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PIC-Controlled Swimming Pool Alarm

Reduce the possibility of a drowning in your swimming pool. If someone falls in, an excruciatingly loud siren sounds.

By John Clarke

Features

  • Monitors wave height caused by any disturbance in the pool
  • Adjustable quiescent and alarm wave levels
  • Adjustable alarm period
  • Pushbutton switch for Hold/Monitor modes - Hold mode gives visual but silent alarm (for testing and attended pool use) - Monitor mode for visual and audible alarm (for unoccupied pool use)
  • Automatic return to Monitor mode after pool water settles
  • Adjustable return to Monitor period
  • Optional Set-to-Hold mode with pool turbulence preventing false alarms
  • Indications of Hold, Status and Alarm conditions
  • Weatherproof housing
  • Can drive two alarm sirens
  • Plugpack-powered
  • Suits all pools where the top water level is below the pool edge
  • Swimming pools are dangerous places, especially for toddlers – as the table above right chillingly shows. And the pool in your own back yard is certainly not exempt; in fact, statistics show that’s where more than half of all toddler drownings occur.

    Even while taking the photographs for this article, with mother millimetres out of shot and grandfather (Ross) in front taking the picture, 14-month-old Keira (who cannot swim) needed no prompting to attempt to get in the pool – not once but again and again.

    While swimming pools these days must be fenced off, there is always the possibility that a toddler will find a way in. That can be as simple as a gate not latching properly or a determined youngster climbing the fence.

    So while fences may appear to make a pool secure, they are never foolproof. A secondary defence, one that warns if someone falls into the pool, can literally be the difference between life and death.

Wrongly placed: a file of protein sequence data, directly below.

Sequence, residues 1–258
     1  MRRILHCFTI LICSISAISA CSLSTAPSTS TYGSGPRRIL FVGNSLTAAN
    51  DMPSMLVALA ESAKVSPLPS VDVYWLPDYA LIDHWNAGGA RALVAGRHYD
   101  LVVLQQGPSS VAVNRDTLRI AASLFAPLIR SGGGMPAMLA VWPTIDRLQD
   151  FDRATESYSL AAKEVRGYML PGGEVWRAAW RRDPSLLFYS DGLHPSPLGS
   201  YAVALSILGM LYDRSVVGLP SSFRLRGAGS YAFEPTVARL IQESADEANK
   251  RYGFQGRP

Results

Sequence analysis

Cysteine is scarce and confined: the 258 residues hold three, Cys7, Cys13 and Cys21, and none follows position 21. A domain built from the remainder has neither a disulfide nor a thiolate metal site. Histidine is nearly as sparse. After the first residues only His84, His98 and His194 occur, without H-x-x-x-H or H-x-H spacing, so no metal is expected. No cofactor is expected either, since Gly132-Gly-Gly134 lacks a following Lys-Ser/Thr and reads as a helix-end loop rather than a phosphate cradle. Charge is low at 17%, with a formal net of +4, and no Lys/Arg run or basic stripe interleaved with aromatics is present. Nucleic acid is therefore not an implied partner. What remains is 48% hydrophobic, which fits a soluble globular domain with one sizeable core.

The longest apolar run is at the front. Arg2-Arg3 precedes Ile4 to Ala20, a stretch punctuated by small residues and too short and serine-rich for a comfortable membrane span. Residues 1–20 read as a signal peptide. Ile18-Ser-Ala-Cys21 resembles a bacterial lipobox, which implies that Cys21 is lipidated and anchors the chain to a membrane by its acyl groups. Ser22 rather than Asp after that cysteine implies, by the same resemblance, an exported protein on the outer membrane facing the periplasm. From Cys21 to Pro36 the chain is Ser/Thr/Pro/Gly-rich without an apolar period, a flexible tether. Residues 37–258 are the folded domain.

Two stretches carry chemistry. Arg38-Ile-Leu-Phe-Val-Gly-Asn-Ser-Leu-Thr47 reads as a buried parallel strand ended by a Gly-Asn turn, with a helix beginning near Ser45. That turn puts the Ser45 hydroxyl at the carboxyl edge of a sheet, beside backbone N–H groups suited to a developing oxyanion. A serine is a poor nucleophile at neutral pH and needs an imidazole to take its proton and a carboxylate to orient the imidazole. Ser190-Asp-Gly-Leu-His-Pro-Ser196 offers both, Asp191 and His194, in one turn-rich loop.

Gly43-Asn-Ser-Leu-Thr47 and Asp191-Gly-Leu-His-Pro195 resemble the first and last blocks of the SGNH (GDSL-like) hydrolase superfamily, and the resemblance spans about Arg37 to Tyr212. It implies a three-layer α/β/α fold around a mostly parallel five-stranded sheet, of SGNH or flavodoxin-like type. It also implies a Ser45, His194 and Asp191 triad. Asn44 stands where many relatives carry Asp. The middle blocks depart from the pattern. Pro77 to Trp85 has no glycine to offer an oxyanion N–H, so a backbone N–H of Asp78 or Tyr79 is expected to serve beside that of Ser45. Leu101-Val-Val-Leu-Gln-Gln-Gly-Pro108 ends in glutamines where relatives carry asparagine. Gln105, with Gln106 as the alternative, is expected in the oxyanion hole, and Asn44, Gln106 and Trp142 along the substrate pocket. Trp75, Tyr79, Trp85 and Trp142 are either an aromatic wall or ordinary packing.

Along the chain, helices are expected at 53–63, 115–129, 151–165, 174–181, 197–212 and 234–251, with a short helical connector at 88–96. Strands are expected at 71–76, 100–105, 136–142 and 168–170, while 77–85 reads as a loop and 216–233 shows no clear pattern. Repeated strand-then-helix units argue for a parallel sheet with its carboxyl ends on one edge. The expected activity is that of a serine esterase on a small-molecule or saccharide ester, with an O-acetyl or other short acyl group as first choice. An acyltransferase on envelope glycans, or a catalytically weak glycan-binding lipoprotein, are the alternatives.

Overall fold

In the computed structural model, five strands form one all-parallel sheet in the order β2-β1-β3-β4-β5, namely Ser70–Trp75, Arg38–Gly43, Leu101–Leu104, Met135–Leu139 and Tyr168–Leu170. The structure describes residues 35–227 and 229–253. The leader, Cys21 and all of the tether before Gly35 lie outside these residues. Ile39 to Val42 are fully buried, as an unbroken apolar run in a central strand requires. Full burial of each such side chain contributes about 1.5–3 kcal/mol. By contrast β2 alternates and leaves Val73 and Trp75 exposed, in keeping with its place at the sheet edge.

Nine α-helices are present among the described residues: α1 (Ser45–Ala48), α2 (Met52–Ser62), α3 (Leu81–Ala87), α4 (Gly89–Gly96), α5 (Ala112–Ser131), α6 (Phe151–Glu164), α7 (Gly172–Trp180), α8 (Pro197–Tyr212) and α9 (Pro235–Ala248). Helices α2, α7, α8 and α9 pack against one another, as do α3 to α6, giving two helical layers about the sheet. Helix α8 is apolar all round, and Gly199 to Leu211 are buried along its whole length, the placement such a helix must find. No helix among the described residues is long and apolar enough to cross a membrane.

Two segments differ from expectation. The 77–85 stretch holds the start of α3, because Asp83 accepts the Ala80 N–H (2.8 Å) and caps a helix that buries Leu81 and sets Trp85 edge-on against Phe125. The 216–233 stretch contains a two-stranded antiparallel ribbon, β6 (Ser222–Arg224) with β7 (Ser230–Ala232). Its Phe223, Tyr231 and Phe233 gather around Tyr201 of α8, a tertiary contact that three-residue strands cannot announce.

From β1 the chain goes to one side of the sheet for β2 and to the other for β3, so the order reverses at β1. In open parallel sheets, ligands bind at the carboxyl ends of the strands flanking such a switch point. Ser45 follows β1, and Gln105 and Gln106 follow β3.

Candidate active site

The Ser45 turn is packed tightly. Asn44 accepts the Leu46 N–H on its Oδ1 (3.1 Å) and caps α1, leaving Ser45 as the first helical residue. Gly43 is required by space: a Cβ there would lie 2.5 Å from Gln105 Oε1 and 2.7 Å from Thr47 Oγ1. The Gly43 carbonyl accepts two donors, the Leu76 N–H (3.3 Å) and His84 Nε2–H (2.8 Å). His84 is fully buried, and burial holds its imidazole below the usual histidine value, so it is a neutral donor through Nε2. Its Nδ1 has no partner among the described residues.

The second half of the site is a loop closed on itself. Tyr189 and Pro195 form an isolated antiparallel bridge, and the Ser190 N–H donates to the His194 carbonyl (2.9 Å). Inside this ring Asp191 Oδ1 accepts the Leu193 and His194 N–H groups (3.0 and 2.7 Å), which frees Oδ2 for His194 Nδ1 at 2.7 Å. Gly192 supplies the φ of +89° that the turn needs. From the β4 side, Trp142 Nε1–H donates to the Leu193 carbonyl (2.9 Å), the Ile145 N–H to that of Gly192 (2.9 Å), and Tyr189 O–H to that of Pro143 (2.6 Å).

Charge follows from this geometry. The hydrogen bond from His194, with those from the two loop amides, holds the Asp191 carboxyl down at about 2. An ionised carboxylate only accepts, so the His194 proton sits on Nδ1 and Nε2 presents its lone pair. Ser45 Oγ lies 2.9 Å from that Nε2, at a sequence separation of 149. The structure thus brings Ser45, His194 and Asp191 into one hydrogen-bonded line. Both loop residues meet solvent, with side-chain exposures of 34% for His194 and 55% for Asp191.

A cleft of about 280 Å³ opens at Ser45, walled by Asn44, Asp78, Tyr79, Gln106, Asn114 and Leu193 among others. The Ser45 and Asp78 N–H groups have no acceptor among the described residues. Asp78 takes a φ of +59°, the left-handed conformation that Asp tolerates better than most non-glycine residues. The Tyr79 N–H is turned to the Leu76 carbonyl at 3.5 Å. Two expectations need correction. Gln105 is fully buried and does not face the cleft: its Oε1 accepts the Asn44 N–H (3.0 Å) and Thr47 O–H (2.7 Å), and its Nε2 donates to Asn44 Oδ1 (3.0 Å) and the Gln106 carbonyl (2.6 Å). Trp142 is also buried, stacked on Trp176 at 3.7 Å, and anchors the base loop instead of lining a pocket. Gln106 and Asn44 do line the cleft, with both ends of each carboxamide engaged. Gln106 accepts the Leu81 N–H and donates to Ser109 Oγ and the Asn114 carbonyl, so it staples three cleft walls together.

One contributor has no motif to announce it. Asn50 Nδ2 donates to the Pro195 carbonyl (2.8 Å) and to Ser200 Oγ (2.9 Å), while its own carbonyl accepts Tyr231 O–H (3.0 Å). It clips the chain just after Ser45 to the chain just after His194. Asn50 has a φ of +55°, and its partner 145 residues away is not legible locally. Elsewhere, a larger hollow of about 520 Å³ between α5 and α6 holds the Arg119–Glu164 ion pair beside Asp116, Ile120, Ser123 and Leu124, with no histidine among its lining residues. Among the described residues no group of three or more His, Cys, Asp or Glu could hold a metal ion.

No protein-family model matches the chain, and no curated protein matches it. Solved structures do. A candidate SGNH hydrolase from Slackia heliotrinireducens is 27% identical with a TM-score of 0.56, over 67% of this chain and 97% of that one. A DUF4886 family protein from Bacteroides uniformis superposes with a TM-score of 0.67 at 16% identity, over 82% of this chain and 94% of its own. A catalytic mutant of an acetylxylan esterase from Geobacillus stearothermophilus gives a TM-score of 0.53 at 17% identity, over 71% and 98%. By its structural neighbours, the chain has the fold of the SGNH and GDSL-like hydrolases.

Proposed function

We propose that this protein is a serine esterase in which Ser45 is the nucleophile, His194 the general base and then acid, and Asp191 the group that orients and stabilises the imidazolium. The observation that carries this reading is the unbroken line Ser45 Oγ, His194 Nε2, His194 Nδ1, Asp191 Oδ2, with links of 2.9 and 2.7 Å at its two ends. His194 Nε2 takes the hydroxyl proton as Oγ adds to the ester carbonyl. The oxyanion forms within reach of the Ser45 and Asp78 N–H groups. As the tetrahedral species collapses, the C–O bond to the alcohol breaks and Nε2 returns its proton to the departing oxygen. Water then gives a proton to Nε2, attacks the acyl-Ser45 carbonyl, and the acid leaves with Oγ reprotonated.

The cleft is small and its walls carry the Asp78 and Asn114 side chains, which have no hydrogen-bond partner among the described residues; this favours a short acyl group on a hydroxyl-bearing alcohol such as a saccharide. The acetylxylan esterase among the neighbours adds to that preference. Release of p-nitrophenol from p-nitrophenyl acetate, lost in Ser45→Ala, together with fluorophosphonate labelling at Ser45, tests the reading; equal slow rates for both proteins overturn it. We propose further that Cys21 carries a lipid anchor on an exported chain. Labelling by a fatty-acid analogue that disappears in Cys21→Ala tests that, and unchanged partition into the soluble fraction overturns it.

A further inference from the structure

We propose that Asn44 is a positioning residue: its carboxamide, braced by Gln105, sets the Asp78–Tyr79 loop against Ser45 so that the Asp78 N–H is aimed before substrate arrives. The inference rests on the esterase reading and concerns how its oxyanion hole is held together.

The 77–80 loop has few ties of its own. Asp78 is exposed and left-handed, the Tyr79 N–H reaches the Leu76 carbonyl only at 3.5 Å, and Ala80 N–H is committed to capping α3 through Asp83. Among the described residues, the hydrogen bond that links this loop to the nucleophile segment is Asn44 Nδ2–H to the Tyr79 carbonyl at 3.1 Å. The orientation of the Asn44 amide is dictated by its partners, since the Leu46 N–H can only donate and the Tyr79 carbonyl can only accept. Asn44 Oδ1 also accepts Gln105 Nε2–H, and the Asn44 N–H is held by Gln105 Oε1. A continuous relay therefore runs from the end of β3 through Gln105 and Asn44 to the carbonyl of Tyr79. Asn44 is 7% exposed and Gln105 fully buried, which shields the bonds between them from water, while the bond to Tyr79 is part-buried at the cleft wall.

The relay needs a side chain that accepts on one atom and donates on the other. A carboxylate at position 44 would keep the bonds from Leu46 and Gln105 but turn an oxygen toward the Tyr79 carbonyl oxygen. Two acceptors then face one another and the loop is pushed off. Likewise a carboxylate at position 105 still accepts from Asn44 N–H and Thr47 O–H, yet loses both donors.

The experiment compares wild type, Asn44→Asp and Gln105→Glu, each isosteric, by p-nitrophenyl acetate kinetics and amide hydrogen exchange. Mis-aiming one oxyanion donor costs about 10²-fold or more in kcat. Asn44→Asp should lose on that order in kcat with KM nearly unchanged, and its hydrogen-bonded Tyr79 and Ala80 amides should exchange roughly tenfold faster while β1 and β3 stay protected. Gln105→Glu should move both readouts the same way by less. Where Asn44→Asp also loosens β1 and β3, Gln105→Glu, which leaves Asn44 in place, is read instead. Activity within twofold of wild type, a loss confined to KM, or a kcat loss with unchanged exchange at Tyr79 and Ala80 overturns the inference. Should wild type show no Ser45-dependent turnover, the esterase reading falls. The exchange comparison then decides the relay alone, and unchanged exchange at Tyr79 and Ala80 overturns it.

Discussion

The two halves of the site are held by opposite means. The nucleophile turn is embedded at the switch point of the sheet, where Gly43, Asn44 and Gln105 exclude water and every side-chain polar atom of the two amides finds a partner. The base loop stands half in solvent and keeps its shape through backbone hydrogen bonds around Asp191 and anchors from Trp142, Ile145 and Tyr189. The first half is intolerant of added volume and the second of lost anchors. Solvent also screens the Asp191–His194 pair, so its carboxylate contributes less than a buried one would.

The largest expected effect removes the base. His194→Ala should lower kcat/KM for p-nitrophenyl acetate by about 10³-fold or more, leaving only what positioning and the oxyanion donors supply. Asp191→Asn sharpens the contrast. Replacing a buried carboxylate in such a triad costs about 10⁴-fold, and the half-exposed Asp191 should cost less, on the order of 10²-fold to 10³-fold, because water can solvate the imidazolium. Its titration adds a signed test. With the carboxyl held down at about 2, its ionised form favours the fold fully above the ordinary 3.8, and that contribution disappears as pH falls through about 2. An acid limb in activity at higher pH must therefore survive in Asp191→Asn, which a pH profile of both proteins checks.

A way to add secondary safety is with a pool alarm. The type of pool alarm described here monitors the amount of pool water movement and sounds an alarm when this exceeds a preset level.

    Of course, wind can also create movement in the pool water – after all, that’s what makes waves in the ocean. The last thing you want is false alarms – remember the boy who cried "Wolf!"?

    The SILICON CHIP Pool Alarm can be set to a level which ignores typical wind movement but screams its head off when that level is exceeded – ie, someone falls in.

     

    Click for larger image
    Fig.1: the Pool Alarm in block diagram form. Pressure variations due to changes in the water level are detected by Sensor 1. Its weak output is amplified and then processed by the PIC microcontroller which controls the alarms and drives the status LEDs.
    Click for larger image
    Fig.2: this cross-section diagram shows the internal structure of the MPX-2010DP pressure sensor. The strain gauge varies its resistance according to the applied load. P1 & P2 are the two port openings.

    OK, let’s see how it works. Fig.1 shows the block diagram of the Pool Alarm. It uses a pressure sensor to detect sudden increases in water depth, as happens when an object falls into the pool creating waves.

    The unit is built in two sections, each in a weatherproof box. One houses the sensor while a second, which we have dubbed the Pool Alarm box, houses the PIC-controlled alarm circuit. The two are connected via a 4-way cable.

    Here’s why your pool needs this swimming pool alarm
    – some sobering facts about toddler (0-5yrs) drownings*:

    41% occur in swimming pools (virtually all in backyard pools)

    60% occur in the toddler’s own home

    70% occur in metropolitan areas

    40% occur during school hours (38% 3-6pm and 20% 6-9pm)

    66% are boys

    60% are either one or two years old

    * From NSW Water Safety Task Force Report, 2002

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